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Blinker fluid is a long-standing joke in the automotive world. It is usually aimed at the less-informed car owner, posed as a question; “hey, have you checked your car’s blinker fluid? That could be the problem.” Of course, the joke is that cars don’t have blinker fluid. Well, the joke is on us. It turns out that the first-gen Dodge Viper actually had blinker fluid. It’s real. This is like, if all of a sudden, Snipes were real (IYKYK). 

Dodge Viper headline with "blinker fluid."
Blinker Fluid | YouTube via Four Eyes

Is blinker fluid real? 

According to The Drive, blinker fluid isn’t just the butt of a tired old joke. In an interview with Roy Sjoberg, the chief engineer who worked on designing the Dodge Viper, blinker fluid is real, and the first-gen Dodge Viper had it. However, its purpose is strange and interesting.

Why does the Dodge Viper have blinker fluid? 

In the interview conducted by the YouTuber Four Eyes, Sjoberg says that the Viper’s headlights began at BMW with the bizarre Z1. The headlights for this strange car were built and paid for by GE. For unknown reasons, BMW decided not to use these lights on the Z1, leaving a bunch of headline assemblies that were already paid for with no car to put them in. 

Naturally, when Chrysler went headlight shopping for the upcoming Viper, GE had the goods. Keep in mind these lights were all paid for, so Chrysler essentially got them for free. Now, all they had to do was get the headlights to fit the Viper, and they were home free. 

What does blinker fluid do? 

The free headlights came with a small vial with liquid in it attached to the front of the headlight. This was a level to make sure the headlights were installed correctly at the factory. These unsightly little levels were ugly enough for Sjoberg to ask if they could be removed. However, the cost of removing the little level of blinker fluid was $1.50 per unit. In the world of mass production, that is quite an expense. Never mind that Chrysler got these headlights for free; savings are savings, and the team wanted to keep as much cash as possible, so the blinker fluid level was left on.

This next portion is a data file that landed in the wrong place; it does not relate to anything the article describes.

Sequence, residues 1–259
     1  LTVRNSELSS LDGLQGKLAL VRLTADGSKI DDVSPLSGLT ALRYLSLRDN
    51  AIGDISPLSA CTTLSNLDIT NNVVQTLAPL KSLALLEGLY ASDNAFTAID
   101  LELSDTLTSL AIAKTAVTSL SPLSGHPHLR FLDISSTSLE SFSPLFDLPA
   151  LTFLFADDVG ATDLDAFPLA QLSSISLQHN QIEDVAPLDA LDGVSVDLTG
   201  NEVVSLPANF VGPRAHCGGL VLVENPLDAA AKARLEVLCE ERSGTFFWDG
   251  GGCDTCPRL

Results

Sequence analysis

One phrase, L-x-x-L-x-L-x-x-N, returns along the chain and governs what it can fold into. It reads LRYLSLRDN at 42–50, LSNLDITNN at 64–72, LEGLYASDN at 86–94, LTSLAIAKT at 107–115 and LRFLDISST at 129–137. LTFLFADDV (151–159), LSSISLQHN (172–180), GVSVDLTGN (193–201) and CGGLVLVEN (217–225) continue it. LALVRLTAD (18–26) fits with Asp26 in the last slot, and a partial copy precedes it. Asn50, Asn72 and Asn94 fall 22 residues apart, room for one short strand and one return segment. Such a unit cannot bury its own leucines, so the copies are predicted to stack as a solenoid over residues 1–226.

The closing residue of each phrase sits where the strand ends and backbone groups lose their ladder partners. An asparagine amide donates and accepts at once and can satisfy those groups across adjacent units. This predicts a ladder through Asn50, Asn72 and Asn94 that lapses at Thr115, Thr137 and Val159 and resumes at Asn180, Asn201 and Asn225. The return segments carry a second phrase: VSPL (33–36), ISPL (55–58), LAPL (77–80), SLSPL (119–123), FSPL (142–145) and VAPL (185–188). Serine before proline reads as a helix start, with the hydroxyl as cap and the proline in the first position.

The Dodge Viper is weird 

The Viper is an icon. It has colored the sports car world for decades. It is extreme, paradoxical, elusive, powerful, and one of the most posterable cars ever made. If the BMW influence on the blinker fluid seems confusing, it shouldn’t be. Bob Lutz, the Dodge Viper’s creator, is also credited with creating BMW’s M division

The blinker fluid is particularly strange to have on the Viper because Chystler stripped it of anything; the firm felt was unnecessary weight, like air conditioning, power locks, door handles, a roof, and windows. So, choosing to leave the leveling vial is funny, to say the least.

From now on, anytime someone makes the silly little tired joke, mostly told in father-in-law’s garages or the oil change spot, you can inform the jokester that blinker fluid is real.